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Associations between viral infections and respiratory disease in artificially reared calves
  1. GL Caldow,
  2. S Edwards,
  3. AR Peters,
  4. P Nixon,
  5. G Ibata and
  6. R Sayers
  1. Meat and Livestock Commission, Milton Keynes.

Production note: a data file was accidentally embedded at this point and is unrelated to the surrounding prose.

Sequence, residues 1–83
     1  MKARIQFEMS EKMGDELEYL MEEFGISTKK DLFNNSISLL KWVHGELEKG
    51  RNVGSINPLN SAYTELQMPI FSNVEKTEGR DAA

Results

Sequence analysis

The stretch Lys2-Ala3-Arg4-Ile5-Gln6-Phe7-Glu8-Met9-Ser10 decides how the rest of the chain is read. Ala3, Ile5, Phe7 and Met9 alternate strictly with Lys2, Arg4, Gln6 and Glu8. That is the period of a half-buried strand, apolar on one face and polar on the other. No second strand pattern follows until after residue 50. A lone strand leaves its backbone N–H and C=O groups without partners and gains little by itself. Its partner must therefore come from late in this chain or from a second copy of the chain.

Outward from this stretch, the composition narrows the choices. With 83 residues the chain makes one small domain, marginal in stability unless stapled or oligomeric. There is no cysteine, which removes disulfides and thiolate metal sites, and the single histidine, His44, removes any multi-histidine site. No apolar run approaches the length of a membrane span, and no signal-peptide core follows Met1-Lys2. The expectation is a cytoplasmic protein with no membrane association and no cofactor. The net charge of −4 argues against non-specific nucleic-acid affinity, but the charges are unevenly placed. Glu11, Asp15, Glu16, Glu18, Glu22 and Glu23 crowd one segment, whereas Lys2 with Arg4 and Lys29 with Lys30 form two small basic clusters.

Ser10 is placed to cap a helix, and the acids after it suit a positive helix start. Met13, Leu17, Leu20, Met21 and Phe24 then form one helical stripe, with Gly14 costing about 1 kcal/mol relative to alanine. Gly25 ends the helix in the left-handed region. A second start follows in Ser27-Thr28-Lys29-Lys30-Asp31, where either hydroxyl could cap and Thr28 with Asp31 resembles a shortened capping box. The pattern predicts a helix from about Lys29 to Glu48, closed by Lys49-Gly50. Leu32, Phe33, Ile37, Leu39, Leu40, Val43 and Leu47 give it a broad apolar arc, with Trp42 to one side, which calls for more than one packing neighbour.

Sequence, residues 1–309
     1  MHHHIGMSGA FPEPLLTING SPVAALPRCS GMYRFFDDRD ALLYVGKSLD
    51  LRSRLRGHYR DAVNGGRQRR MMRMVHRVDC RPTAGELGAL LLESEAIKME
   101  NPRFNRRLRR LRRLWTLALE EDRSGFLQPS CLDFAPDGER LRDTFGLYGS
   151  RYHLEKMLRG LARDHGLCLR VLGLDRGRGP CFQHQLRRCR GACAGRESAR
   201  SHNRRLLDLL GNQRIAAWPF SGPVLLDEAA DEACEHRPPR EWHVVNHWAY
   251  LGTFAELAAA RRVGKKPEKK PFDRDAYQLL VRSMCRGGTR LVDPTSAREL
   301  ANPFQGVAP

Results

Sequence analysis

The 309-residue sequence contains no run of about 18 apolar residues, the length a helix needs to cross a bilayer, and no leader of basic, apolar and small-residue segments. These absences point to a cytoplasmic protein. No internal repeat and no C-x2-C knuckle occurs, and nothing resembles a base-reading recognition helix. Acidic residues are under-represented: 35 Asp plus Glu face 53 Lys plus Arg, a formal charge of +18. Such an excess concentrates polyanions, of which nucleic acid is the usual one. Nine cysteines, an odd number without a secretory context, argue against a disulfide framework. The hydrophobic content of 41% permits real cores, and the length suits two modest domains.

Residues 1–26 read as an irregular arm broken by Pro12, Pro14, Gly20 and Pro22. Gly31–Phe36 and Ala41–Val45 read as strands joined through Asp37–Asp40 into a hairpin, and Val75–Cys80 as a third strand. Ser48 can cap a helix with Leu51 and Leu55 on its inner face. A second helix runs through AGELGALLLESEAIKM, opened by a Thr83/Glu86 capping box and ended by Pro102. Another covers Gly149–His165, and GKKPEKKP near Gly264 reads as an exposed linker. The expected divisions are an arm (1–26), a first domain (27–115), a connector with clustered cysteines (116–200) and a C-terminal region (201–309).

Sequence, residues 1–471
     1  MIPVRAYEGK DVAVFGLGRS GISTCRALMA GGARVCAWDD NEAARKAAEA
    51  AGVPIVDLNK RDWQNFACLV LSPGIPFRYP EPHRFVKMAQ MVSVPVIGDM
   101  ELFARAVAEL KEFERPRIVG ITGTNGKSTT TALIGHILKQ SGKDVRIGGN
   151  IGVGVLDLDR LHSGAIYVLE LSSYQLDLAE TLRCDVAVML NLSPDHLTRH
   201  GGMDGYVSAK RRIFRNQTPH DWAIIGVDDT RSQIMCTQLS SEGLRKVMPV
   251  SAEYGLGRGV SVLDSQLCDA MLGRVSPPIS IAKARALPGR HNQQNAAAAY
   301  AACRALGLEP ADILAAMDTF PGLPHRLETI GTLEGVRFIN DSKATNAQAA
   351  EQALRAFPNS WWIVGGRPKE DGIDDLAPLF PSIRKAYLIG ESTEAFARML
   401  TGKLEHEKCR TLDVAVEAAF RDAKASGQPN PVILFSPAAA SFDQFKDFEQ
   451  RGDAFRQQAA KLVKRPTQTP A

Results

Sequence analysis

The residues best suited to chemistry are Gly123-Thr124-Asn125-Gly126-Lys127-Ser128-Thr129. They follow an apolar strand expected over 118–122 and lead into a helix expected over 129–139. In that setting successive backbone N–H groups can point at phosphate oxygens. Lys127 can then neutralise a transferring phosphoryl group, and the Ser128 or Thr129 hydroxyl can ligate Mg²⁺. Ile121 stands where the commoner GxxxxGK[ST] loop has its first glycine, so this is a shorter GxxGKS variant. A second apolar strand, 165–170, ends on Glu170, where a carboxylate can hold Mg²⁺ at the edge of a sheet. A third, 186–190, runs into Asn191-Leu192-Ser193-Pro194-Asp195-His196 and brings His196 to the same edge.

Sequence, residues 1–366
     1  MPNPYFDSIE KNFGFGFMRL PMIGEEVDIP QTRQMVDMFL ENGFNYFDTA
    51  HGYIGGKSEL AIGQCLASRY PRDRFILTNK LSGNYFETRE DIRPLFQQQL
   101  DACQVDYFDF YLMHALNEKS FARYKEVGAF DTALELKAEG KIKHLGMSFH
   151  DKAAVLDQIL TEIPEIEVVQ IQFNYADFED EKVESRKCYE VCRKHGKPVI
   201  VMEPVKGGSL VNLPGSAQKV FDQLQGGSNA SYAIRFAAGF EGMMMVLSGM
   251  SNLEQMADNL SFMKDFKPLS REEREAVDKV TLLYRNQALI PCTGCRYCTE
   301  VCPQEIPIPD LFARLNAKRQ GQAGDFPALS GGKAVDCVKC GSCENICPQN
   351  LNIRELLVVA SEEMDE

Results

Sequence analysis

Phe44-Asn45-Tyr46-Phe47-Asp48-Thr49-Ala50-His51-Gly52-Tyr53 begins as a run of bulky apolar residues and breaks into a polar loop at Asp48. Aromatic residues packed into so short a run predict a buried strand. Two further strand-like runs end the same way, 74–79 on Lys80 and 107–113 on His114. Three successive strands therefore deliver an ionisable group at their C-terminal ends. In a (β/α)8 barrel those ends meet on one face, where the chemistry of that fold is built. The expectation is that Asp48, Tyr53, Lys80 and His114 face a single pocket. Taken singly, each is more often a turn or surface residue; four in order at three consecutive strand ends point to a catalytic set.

Market-purchased, week-old, dairy bred calves entering a commercial calf-rearing unit were blood sampled at six-week intervals until three months old. Viral infections were monitored by ELISA for antibodies to bovine herpesvirus 1, bovine respiratory syncytial virus, parainfluenzavirus-3, bovine adenovirus subgroup 1 and bovine viral diarrhoea virus (BVDV). The immunoperoxidase test was used to detect BVDV in serum. The total immunoglobulin concentration in the initial blood sample was measured by the zinc sulphate turbidity test. The relationship between clinical respiratory disease, viral seroconversion and the initial concentration of serum immunoglobulin was investigated by the use of the relative risk statistic, Fisher's exact test, chi 2 techniques and the correlation coefficient. Treatment rates for respiratory disease of 45 per cent were observed during the first period of the study and 19 per cent during the second period. During the first period there was a significant positive association between clinical respiratory disease and seroconversion for all the viruses except parainfluenzavirus-3 and BVDV but in the second period there was no such relationship. Similarly, in the first period, but not in the second, there was a significant negative association between clinical respiratory disease and both antiviral immunoglobulin as measured by ELISA and total immunoglobulin as measured by the zinc sulphate turbidity test. Two of the 536 calves that survived to three months of age were found to be persistently infected with BVDV.

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